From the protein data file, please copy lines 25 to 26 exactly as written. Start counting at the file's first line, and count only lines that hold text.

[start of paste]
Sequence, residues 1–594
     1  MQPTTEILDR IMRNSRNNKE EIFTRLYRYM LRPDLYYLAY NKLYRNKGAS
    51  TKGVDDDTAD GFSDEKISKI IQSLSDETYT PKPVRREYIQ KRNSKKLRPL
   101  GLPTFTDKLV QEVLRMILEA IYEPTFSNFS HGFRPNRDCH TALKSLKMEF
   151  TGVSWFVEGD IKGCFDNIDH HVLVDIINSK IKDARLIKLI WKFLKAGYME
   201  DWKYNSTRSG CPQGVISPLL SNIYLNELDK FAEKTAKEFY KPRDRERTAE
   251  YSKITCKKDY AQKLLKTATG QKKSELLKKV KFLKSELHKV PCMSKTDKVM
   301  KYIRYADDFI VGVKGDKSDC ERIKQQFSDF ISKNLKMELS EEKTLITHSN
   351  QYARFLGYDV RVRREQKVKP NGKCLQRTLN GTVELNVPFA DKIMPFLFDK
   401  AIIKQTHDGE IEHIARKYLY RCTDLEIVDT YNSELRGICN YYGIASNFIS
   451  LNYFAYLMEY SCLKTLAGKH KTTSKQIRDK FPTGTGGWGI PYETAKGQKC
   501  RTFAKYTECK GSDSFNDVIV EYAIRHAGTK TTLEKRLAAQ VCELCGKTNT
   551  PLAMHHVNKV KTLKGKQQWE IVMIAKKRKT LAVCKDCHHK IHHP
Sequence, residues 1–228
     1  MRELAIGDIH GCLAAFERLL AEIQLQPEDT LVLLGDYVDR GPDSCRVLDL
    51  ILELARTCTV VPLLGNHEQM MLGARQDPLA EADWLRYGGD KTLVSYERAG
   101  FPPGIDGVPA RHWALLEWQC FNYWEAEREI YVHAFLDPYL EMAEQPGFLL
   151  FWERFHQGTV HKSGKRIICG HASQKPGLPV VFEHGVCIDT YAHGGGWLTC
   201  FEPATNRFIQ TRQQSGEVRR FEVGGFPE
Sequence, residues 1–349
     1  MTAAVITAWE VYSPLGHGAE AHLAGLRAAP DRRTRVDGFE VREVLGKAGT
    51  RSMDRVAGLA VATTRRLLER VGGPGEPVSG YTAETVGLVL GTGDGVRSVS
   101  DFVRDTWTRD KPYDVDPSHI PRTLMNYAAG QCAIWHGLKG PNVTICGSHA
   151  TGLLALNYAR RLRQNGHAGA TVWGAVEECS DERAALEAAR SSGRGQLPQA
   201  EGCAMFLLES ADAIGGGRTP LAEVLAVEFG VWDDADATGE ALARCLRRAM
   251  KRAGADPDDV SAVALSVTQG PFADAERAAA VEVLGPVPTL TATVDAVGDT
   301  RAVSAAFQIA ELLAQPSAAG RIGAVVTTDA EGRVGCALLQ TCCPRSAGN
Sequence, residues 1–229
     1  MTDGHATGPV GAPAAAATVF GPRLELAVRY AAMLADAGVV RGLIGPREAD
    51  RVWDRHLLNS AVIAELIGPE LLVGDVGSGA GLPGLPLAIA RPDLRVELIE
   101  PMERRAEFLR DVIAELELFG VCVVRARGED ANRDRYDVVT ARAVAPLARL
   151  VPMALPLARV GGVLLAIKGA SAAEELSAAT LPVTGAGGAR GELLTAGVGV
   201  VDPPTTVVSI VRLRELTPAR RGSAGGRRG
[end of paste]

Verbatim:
   201  EGCAMFLLES ADAIGGGRTP LAEVLAVEFG VWDDADATGE ALARCLRRAM
   251  KRAGADPDDV SAVALSVTQG PFADAERAAA VEVLGPVPTL TATVDAVGDT